[chia]$ git ls-files
[chia]$ git ls-files –stage # this will display all the sha checksums of the indexed files.
[chia]$ git status
[chia]$ git commit
“git status” will show a list of all the new and updated files that are there in the directory.
Add all the files to the repository by using “git commit”. Now running “git status” will show
# On branch master
nothing to commit(working directory clean)
To show the latest commit messages:
[chia]$ git log
Cloning GIT directory
You can clone git directory using either git protocol or using http. Git works on port 9418.
# Clone using git protocol
[chia]$ git clone git://
# Clone using http protocol
[chia]$ git clone
# Git protocol is more efficient for cloning. But in the end you will get same thing.
Now, we have successfully installed and configured Git on our system.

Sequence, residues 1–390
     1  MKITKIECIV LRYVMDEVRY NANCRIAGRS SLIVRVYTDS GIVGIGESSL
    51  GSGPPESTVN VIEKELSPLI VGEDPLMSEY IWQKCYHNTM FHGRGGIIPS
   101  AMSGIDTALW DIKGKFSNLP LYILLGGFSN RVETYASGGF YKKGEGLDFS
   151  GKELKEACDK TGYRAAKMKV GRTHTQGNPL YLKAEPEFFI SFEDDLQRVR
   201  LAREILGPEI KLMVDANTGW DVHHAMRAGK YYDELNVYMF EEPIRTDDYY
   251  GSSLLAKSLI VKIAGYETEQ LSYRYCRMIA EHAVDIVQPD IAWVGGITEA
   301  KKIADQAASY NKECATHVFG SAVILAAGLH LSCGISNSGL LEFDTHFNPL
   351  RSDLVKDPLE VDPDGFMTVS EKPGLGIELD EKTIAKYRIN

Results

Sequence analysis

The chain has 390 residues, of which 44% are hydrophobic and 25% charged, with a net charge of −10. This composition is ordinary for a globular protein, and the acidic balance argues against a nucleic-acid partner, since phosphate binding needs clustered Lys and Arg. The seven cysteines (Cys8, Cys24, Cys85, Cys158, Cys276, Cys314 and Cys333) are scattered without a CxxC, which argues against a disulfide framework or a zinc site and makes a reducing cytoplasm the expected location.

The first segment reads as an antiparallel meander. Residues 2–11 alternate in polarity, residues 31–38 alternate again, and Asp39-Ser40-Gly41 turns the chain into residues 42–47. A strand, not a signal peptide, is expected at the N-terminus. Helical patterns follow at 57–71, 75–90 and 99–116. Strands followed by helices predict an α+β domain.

Install (Set Up) Git and Gitosis on Ubuntu
Git is a free distribution revision control initially created by Linus Torvalds for the Linux kernel development. Git is different from subversion in several was, a good solid reference for explanation can be found from a 2008 RailsConf talk on Git by Scott Chacon: (Link).
I will be using Gitosis for this setup, Gitosis is a tool written for Git that helps in the setup of secure access controlled repositories. It will manage multiple repositories under one user account on the host machine. Using SSH keys to identify users, your repositories will be securely accessed and controlled. One large advantage to Gitosis is that your users will not need shell accounts on the machine to access repositories, they will however speak to a singular account what will not allow arbitrary commands.
Git is very local in nature, with remote distributed features. One major thing to wrap your head around is that git resides on your machine and tracks files locally, so if you create a new file and want git to track that file you need to let git know through the add command. Git also has remote locations that give it the ability to push to a, you guessed it…, remote location. You can add many remotes, typically you will see the “origin” remote location in most projects, we will be using origin in this article.